The U.S. economic growth rate for the second quarter of 2018 was 4.1 percent, the first time the growth rate topped 4 percent since 2014. U.S. President Donald Trump called the report “amazing” and said, “As the trade deals come in one by one, we’re going to go higher.”

A 4 percent jump in consumer spending shows that Americans are counting on the growth rate to translate into higher wages, more jobs and a better standard of living. That’s despite some economists warning of a slowdown.

Looking at debt levels—slowdown or not—the U.S. economy is speeding toward another crisis.

The government is now in debt with $21 trillion, more than twice what it owed in 2008. Loans from all commercial banks are more than $1 trillion more than in 2008. Corporate debt has reached a record $6.3 trillion, close to where it was in the previous two recessions. U.S. household debt continues to grow, and is now at $13 trillion.

The growth in the U.S. economy makes the debt less alarming than it was in 2008, but with interest rates rising, debt payments cost American companies and individuals more and more.

It’s not just debt that is weighing down the U.S. economy. The American public is more divided than ever. If the Republicans lose the House of Representatives in midterm elections this year, would the Democrats work with them to pass a bailout bill? Or would they let the economy crash to hurt their political opponents—namely President Trump?

Talk of trade war could also put pressure on the U.S. if nations decide to stop buying U.S. debt or abandon the dollar as the world’s reserve currency.

Bible prophecy warns of this. The Trumpet has warned that such a trade war is coming and will leave the U.S. besieged by other nations.

Some may balk at the Trumpet looking to Bible prophecy for direction in forecasting, but the Trumpet has a 60-year proven track record showing that it works. Skeptics would do well to look at the track record of economists trying to predict the direction of the economy.

Economists create and use complex models in an attempt to explain the unwieldy and infinitely more complex economy. They are schooled in how to think about the data and debate each other over the interpretation of it. Not all of them are predicting the future of the economy, and those who do, can use metrics to argue their points and counterpoints that would easily stump a non-economist. But in their number crunching, they overlook that behind all the data are humans exchanging goods. And humans, with their various purposes and motivations, have a nature which governs how an economy performs.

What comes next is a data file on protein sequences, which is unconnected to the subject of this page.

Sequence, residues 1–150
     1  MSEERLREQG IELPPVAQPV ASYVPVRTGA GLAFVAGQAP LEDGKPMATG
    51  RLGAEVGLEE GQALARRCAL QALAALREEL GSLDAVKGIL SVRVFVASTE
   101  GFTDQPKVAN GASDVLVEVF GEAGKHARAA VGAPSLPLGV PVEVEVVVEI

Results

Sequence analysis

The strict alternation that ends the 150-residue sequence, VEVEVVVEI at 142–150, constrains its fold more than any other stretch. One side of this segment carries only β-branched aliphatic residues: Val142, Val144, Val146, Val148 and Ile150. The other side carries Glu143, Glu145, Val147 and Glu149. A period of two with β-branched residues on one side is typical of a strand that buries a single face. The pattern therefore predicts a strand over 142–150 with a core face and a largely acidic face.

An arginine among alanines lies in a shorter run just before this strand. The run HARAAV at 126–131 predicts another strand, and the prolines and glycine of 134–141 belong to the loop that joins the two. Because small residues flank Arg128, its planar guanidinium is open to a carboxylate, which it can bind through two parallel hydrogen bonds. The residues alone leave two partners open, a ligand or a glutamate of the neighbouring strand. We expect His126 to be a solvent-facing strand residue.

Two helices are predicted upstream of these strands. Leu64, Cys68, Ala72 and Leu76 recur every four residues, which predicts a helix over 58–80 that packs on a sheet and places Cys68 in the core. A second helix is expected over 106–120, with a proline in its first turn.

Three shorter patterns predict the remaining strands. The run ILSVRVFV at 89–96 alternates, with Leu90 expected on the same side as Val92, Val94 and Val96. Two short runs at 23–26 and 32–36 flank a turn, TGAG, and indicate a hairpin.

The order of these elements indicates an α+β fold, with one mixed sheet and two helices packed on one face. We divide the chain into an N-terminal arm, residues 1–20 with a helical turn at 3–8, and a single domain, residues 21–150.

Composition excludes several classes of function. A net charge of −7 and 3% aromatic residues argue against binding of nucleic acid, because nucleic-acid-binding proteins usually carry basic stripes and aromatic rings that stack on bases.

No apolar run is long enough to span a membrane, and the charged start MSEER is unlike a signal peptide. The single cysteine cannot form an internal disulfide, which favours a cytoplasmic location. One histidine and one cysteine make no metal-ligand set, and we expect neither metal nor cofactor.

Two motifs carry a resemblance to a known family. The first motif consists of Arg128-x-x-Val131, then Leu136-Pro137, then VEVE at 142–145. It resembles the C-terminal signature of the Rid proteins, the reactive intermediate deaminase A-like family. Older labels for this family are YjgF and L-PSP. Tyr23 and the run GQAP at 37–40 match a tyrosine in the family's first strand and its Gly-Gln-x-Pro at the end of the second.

Look Out for Idiots

Few economists saw the financial crisis in 2008 coming. They focused on models to guide their predictions, but the models assumed that people are perfectly rational and the markets perfectly efficient. That’s an assumption that can be proved false by just applying common sense.

American economist and former U.S. Secretary of the Treasury Larry Summers put it this way, “There are idiots. Look around.”

That is brutally honest, but everyone from investors to homebuyers believed home prices could only go up. Even Bernanke said that home-price increases reflected “strong economic fundamentals” only two years before the real-estate bubble burst. That was an exercise of belief over facts, models over reality.

So if the experts can barely get it right, why shouldn’t we look somewhere else for the answer? The root of the problem of the 2008 crisis didn’t lie in the numbers after all, it was rooted in the motivations and reasoning of thousands of individuals making financial decisions.

The Problem Is Spiritual, Not Material

There were many reasons given for the financial crisis of 2008. Banks betting too much money. Unrealistic economic models. The lack of understanding of what was being traded by the financial industry. Financial industry leaders and employees incentivized to make decisions based on short-term gain rather than long-term stability. Incorrect ratings given by agencies incentivized to give inflated ratings. People buying homes they couldn’t afford. Mortgage brokers and real-estate agencies pushing people to view homes as an investment that couldn’t go bad.

And then there’s the government. Some economists say the government didn’t act boldly enough in letting Lehman Brothers fail. According to which economist you follow, there was not enough regulation by the government, or there was too much bad regulation. Some claim the government fueled the housing bubble by keeping interest rates artificially low to make borrowing cheaper.

The reasons typically given are varied, complex and widely encompassing. Yet with all the complexity and increased technology in the financial industry, it still is an aggregate of people trading with other people.